Pellan’s works are in many private and corporate collections. They are also in numerous public collections including the Beaverbrook Art Gallery (Fredericton, New Brunswick), the Dalhousie Art Gallery (Halifax, N.S.), the Museum of Quebec, the Montreal Museum of Fine Arts, the Montreal Museum of Modern Art, the Agnes Etherington Art Centre (Kingston, Ontario), the Art Gallery of Hamilton (Ontario), the Art Gallery of Ontario, the Winnipeg Art Gallery, the Norman Mackenzie Art Gallery (Regina, Saskatchewan), the Art Gallery of Alberta (Edmonton), the Vancouver Art Gallery (B.C.), the Art Gallery of Greater Victoria (B.C.), the Smithsonian American Art Museum (Washington, D.C.) and the Museum of Modern Art, Georges Pompidou Centre (Paris). The National Gallery of Canada bought its first Pellan painting in 1923, when the artist was 17 years old. Currently, it has  44 Pellan works in its permanent collection, including its first the 1922 painting “Corner of Old Quebec”.
 
Pellan also did several murals, mosaics and stained glass works for public buildings. Some of their locations are the Winnipeg Airport; the Canadian Consulate in Rio de Janeiro, Brazil; Place des Arts, Montreal; the City Centre Building, Montreal; the National Library and Archives, Ottawa; and St. Theophile Church, Laval, Quebec.
 
In Montreal he also designed sets and costumes for the Monument National (1944,1945), the Gesu Theatre (1946), the Montreal Theatre Ballet (1957) and Théâtre du Nouveau Monde at Port Royal Theatre, Place des Arts (1968, 1969).
 
His numerous honours and awards include, the very highest Canadian honour, the Order of Canada CC (3) in 1967, which recognizes "a lifetime of outstanding achievement and merit of the highest degree, especially in service to Canada or to humanity at large". In 1985, he received one of the highest honours of his home province, the National Order of Quebec (OQ). Over the years, he was also awarded four honorary doctorates ( 2 - D.F.A.s, LL.D, D. Lit.), the Centennial Medal (1967) and, ironically (see footnote 1), the Paul-Émile Borduas Prize (1984) (4).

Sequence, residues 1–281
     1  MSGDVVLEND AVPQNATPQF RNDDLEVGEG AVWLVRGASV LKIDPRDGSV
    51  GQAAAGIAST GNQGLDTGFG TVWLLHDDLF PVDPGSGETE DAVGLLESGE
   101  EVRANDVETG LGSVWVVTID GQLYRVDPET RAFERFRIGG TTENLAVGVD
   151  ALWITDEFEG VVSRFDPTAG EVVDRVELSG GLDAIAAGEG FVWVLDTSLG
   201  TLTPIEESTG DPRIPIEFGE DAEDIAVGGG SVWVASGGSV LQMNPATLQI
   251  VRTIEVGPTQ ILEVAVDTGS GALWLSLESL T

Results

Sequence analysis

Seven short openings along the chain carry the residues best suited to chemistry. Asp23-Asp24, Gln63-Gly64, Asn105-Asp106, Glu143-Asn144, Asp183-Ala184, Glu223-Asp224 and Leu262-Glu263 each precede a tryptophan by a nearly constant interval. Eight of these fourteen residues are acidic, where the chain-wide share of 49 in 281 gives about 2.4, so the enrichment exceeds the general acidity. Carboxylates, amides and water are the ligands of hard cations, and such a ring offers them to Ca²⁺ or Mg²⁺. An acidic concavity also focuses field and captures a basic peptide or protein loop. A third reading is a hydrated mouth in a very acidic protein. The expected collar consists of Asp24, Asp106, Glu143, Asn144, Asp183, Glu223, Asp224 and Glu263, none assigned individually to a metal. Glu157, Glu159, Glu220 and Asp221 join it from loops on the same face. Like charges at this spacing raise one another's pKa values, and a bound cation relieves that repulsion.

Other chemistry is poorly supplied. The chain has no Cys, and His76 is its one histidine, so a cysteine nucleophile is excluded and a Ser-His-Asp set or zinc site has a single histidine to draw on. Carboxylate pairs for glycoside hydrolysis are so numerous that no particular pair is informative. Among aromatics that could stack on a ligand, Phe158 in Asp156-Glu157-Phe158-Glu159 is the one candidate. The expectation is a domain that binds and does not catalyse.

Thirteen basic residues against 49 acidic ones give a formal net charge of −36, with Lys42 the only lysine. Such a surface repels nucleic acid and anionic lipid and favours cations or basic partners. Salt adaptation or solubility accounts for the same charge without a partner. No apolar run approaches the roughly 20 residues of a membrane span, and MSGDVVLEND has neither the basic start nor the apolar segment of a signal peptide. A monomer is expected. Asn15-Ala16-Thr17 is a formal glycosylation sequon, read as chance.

The most recent posthumous honour came in 2004, when the Canadian Parliament renamed the federal election riding of "Laval East", where he had lived since 1950, "Alfred Pellan".
 
 
Footnotes:
 
(1) A Canadian group of artists founded in 1948, largely on the initiative of Alfred Pellan, to counteract the rising influence of Paul-Emile Borduas and Les Automatistes. Alfred Pellan, Louis Archambault, Léon Bellefleur, Jean Benoit, Jacques de Tonnancour, Albert Dumouchel, Gabriel Filion, Pierre Garneau, Arthur Gladu, Lucien Morin, Mimi Parent,  Jeanne Rhéaume, Goodridge Roberts, Roland Truchon and Gordon Webber were the founding members.They had an exhibition at the Montreal Museum of Fine Arts in February 1948. Having accomplished its goal of eroding Borduas's control of the Contemporary Arts Society, Prisme d’Yeux folded shortly after the CAS disbanded. It was active for only about 18 months. Source: Egregore: A History of the Montreal Automatist Movement (1998), by Ray Ellenwood. (see book references).
 
(2) Since 1966, the Art Gallery of Ontario.
 
(3) The rules are that there cannot be more than 165 living Companions of the Order of Canada (CC) at any one time.
 
(4) Prix Paul-Émile-Borduas is the highest distinction, in the arts, given to an individual by the government of Quebec, underscoring outstanding career achievement in the field of visual arts, applied arts, architecture or design. It is the visual arts component of the group of awards given annually by les Prix du Québec to honour achievement in eleven categories of arts and sciences. Source: Manifestation internationale d’art de Québec and les Prix du Québec.
 
 
Prepared and contributed by M.D. Silverbrooke